Black History Month is the time of year where we tell the untold stories of Black men and women. we have an opportunity to learn of the historical impact and contribution the black community has had on society.
Dating as far back as the 1800s, the recognition of the black Arab community specifically has been disregarded. It is important to recognize the diversity within the Arab community and work towards a more inclusive and educated future.
Here are 5 Influential Black Arab women from the community you should know about:
1. Khawla Ksiksi
Khawla Ksiksi is a feminist and anti-racist activist from Tunisia. After working at the Rosa Luxemburg Foundation in Tunis, Ksiksi came across some works written by Angela Davis and was immediately inspired.
“The idea of deepening my understanding of this subject and of taking a stand in the fight against racism became a commitment. I, therefore, approached the subject with another activist (Maha Abdelhamid). We wanted to set up a collective to fight racial discrimination in Tunisia.” she said in a 2018 interview with the Arab Reform Initiative.
She and activist Maha Abdelhamid set up the Voice of Tunisian Black Women Collective that works towards allowing victims of racism and discrimination a judgement-free outlet to express their opinions. The collective consists of seven black female members who are all educated in different areas of expertise.
2. Fatma Emam Sakory
Fatma Emam Sakory is a Nubian rights activist, feminist researcher and translator. Sakory is an activist that focuses on political, social and cultural reform in Egypt since the 2011 revolt; the Egyptian revolution.
Sakory also focuses on women’s rights and activism. She has worked as a feminist researcher working with many different organizations including Nazra for Feminist Studies, the Egyptian Women’s Center for Legal Assistance and many more. Sakory marched along with other protesters in Tahrir Square. After the revolution in 2013 Sakory worked with novelist Haggag Oddoul towards the support of the Nubian right of return. The Nubian right of return law involves the government’s obligation to allow Nubians to return to their native village in Southern Egypt. Sakory currently writes on her blog regularly and is active on her social media.
3. Sara El Hassan
If a conversation is started about Influential Black Arab women, Sara El Hassan is bound to be mentioned. Sara is a writer, activist and internet influencer who has been a strong voice for the Black-Arab community. The Sudanese-American activist became a leading voice in assisting in drawing media attention to the 2018-2019 uprising of protests against the former Sudanese President Omar Al Bashir. Hassan has also written for CNN, AFROPUNK, and African Arguments whilst also being a co-host on the podcasts No Sir No Ma’am since 2016. Overall, Hassan works towards the education of social rights issues.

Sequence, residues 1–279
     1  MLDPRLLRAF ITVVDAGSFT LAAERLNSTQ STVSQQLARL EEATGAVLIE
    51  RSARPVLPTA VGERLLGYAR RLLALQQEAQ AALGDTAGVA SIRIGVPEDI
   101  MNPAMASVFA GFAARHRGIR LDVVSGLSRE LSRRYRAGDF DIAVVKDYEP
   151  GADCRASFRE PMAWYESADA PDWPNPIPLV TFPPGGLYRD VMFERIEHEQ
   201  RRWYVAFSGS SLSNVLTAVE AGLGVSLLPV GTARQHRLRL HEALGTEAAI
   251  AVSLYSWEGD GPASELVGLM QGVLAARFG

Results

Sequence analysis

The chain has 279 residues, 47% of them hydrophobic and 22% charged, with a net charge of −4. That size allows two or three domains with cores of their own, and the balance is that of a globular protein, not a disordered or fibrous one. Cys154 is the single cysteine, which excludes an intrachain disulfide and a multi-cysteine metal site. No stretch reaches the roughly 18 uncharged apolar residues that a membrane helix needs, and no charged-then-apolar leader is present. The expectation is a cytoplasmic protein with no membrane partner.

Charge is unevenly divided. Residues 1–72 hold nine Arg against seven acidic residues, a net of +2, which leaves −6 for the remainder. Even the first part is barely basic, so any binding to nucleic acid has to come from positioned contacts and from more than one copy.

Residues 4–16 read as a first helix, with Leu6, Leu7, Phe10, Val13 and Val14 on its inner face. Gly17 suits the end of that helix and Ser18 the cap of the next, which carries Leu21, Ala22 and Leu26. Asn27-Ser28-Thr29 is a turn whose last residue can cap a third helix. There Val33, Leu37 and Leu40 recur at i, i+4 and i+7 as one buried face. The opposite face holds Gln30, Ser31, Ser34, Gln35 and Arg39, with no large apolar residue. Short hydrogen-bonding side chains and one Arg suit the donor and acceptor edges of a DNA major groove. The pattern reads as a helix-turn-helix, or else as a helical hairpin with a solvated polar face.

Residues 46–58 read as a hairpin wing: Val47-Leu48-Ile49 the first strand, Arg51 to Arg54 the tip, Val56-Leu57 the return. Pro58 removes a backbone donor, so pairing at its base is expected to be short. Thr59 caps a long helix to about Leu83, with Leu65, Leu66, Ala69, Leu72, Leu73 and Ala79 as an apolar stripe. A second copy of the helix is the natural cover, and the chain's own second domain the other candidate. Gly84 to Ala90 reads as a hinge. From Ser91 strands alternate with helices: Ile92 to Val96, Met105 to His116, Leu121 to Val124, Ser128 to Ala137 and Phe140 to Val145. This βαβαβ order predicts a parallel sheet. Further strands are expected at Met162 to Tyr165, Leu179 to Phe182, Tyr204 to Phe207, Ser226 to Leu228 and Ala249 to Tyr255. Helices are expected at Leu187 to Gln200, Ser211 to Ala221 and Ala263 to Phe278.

4. Amna Ali
Activist and entrepreneur Amna Ali from the United Arab Emirates (UAE) is the founder of the Black Arab Collective. Ali was born in UAE but previously lived in Savannah, Georgia and Michigan for two years before moving back to UAE. A turning point for Ali was when she recognized the conservative nature of Emirati culture.
“I went through so many different phases and friendship groups trying to fit in. I’ve always felt like an outsider,” she said in a 2020 interview with Black Girls Around the World.
This realization then inspired the Black Arab Collective. In 2020 Ali Founded the black Arab collective on Instagram that aims to share the stories and amplify the voices of the black Arab community.
The Instagram account currently has a little over 2,000 followers and has been consistent in video and picture information that aims to spark discussion.
Follow the Black Arab Collective @blackarabscollective on Instagram.
5. Maryam Abu Khaled
Palestinian actress Maryam Abu Khaled made waves in the Black Arab community after an Instagram video of her addressing racism in the Middle East went viral in June of last year. In the video, she addresses the casual racism within the community and compares it to racism within the USA.
Khaled recalled personal instances where she had been a victim of racism including a time when a woman told her daughter “Go home, enough playing in the sun, so you don’t get burnt and look like Maryam.”
The intent of the video was to start discussions about the blunt racism in the Arab community and the impact it will have on future generations.
Education on the Black Arab community is the first step in the right direction towards familiarizing yourself with the stories and history of the Black Arab community. We as a society should work towards having discussions about the lack of representation and even the misrepresentation within the Black Arab community. These Influential black Arab women have begun to pave the way towards normalizing the recognition and support that the black Arab community deserves.
By Sian Linore – YLT Staff